How Data Drove Old Navy to Dallas

Dallas, TXCategory: Retailer Representation, Urban


Old Navy never had a store inside the loop in Dallas, Texas, leaving the majority of Dallas’s urban population without close access to the on-trend yet budget-friendly fashion retailer. Big box spaces are rare in Dallas’s urban core and the city’s high real estate prices made for a model that was incongruent with the retailer’s one-level 15,000 square foot typical prototype store. Securing a space for Old Navy within the loop that made sense in terms of location and economics would be difficult, but, if accomplished, a big win for the retailer.


The Great Recession of 2007 left Old Navy, as well as many other retailers, in a stall when it came to new stores. In 2008, before the crash of the financial system, Old Navy did 13 net new deals. Due to the economy, in 2009, there were zero net new deals. Needless to say, it was going to be difficult to get a deal done in 2010.

As Old Navy’s new representatives in Texas, the CBRE Urban team knew that any new store transaction done in 2010’s economic climate would take extraordinary effort but would be important to solidifying the new relationship. It would take a truly perfect opportunity to make it up the chain of command and get the necessary approvals in this challenging economic environment.


We Knew the Site

CBRE had the perfect site for Old Navy. The Shops at Park Lane had opened with notable anchors, including Whole Foods, Nordstrom Rack and Dick’s Sporting Goods. An unusual combination of a mixed-use urban center with power tenants made the project both unique and intriguing. The proximity to NorthPark Mall made The Shops at Park Lane an undeniable location.

Borders had been secured for the project’s cornerstone space, but the economy had halted their growth plans, leaving the signature space available. The CBRE Urban team saw this as a rare opportunity and started to work on creating a business case that would compel Old Navy to approve the space.

Dig for Data to Drive Decision Making

With deep knowledge of the Dallas market, CBRE had a simple thesis: while rents for big box spaces were higher in the loop, sales volumes for big box retailers were higher too. This theory, if proven to be true could help our team craft a compelling case that Old Navy locate a store in Dallas proper.

In order to prove this idea, CBRE leveraged its deep network of local brokers, retailers and developers to compile accurate sales volumes for similar sized retailers within the loop. CBRE’s GIS department plotted the data onto a 7 minute drive time map that included volumes for boxes in the loop as compared with average DFW volumes.

What the data showed was astounding: Sales volumes for box retailers within the 7 minute drive time of the selected site averaged 32% higher than their similarly sized counterparts in the outlying areas of DFW. Armed with this important data, our team was confident they could get the approvals needed if they could make a great deal.

Engineer the Economics

While sales volumes proved helpful in selling the site, the deal would still need the right economics in order to be feasible. CBRE Urban negotiated on behalf of Old Navy with the landlord to secure a lease agreement with the necessary rental rates, co-tenancy requirements and tenant improvement allowances to make the deal especially enticing to the retailer, while equally palpable and beneficiary to the landlord.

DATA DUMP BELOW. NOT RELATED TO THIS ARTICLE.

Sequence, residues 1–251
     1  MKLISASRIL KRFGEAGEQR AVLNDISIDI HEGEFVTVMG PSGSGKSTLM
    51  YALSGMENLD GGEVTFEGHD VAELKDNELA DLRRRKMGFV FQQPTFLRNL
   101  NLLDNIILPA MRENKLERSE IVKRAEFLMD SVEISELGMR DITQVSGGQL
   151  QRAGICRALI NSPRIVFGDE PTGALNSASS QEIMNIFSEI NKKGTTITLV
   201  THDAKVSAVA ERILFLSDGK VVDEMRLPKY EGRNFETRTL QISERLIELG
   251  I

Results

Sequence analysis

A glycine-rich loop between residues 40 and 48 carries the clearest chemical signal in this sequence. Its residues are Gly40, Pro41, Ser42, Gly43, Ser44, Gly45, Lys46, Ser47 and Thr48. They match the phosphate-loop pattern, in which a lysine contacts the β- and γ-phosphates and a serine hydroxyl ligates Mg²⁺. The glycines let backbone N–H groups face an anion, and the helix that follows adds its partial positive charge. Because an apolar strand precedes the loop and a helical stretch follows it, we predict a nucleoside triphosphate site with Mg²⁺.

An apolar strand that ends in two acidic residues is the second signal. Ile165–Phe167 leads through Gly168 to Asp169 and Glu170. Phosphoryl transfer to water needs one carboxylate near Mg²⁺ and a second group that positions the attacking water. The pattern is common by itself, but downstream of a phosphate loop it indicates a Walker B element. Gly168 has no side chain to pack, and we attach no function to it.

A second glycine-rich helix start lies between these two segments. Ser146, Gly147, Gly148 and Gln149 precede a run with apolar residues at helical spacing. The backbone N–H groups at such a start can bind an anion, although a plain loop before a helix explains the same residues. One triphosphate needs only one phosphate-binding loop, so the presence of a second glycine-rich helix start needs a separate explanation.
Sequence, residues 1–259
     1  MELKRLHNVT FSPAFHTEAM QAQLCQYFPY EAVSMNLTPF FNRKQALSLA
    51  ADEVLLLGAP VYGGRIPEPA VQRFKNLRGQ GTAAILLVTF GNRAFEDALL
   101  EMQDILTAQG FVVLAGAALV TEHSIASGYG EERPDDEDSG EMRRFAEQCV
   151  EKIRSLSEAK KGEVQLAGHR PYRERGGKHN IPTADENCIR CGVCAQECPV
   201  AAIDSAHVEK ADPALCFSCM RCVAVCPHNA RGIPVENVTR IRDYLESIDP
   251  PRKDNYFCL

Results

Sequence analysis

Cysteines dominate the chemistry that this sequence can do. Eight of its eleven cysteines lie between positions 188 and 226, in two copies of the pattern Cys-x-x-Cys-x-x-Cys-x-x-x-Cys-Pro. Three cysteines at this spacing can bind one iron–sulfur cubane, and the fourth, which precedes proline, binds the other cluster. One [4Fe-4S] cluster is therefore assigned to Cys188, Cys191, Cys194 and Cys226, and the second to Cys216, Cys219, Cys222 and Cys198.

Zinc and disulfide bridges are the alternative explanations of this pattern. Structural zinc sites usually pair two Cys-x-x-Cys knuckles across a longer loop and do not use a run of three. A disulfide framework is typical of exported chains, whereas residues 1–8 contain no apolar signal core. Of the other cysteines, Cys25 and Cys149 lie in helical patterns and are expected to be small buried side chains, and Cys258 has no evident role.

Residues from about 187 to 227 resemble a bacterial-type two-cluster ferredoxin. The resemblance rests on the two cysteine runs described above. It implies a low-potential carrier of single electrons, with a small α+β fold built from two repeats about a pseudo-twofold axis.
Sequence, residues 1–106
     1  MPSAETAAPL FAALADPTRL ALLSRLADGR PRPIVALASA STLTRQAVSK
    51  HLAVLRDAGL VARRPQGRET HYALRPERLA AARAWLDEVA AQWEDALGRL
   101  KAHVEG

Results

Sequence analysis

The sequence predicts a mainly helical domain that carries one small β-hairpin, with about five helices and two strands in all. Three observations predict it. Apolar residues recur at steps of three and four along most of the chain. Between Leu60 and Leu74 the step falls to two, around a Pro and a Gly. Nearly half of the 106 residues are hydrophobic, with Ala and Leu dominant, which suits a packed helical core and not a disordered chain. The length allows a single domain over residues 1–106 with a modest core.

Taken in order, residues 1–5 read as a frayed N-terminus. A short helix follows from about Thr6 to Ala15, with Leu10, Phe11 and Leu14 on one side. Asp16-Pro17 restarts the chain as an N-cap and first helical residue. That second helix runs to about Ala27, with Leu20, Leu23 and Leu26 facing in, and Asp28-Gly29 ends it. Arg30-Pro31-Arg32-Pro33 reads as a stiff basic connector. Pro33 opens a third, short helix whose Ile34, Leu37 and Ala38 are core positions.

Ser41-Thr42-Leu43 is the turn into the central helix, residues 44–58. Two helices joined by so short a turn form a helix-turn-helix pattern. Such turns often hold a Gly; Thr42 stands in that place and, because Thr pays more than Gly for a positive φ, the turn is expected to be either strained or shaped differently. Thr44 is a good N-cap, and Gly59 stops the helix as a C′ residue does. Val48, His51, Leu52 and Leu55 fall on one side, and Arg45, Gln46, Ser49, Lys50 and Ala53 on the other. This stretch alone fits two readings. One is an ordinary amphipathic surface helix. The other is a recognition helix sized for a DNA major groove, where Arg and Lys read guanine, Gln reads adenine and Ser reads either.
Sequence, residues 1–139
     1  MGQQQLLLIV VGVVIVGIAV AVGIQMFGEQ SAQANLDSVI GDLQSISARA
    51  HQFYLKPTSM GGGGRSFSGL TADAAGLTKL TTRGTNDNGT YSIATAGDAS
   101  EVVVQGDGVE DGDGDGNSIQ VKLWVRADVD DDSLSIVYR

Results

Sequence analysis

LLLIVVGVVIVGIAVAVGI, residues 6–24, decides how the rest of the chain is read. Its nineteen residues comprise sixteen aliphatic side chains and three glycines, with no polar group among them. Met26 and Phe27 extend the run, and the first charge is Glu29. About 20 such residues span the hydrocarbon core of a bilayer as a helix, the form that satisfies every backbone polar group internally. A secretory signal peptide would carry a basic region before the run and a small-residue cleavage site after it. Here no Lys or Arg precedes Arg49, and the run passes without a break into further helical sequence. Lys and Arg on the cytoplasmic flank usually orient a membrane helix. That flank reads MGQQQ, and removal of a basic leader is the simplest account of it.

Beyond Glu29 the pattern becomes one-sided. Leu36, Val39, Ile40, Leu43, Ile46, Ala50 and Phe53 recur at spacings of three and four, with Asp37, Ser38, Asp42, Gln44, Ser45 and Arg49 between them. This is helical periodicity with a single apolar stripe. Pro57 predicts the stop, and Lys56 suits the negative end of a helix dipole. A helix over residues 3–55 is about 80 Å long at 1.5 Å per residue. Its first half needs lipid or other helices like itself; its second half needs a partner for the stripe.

Run it up the Proverbial Flag Pole

Due to the tough economic environment, it would take multiple approvals at the highest levels to get the deal done. Armed with hard data and tempting deal terms, CBRE worked with Old Navy’s real estate director to make the case internally. Our team found answers to every question, and patiently persevered through round after round of necessary approvals. In every case, we backed up our recommendations with solid data and took the deal all the way to the top.


In November of 2010, Old Navy opened a two-story 23,000 square foot flagship store at The Shops at Park Lane. The perseverance and patience of the team paid off. The following results were achieved:

  • CBRE Urban helped Old Navy secure a flagship location – their first in Dallas’ urban core – with economics that were feasible with their business model.
  • The store is now one of the top 3 producing stores in the state of Texas.
  • Old Navy’s Park Lane store was one of only two net new deals nationwide in 2010.

Getting this challenging deal done with such success in a difficult economic environment proved our teams value to Old Navy execs. CBRE Urban still represents Old Navy and all of the Gap, Inc. concepts in Texas and has also represented the retailer on deals in Oklahoma and Arkansas.

Lessons Learned

  • Data drives deals – In order to push a retailer to do a deal outside their traditional model, you have to back up your recommendations with hard facts. Executives rely on the numbers for decision making, so you must be prepared to back up your recommendations with solid stats.
  • Persistent pays off – Lots of times the best deals take time and persistence. Don’t take no for an answer, stick to your guns and fight for deals you know will be successful.
  • Relationships matter – Without the CBRE Urban team’s strong relationships with local retailers and brokers, we would have never been able to gather the data needed to prove our sales volume theory. In real estate, it’s still true: relationships are key to being successful.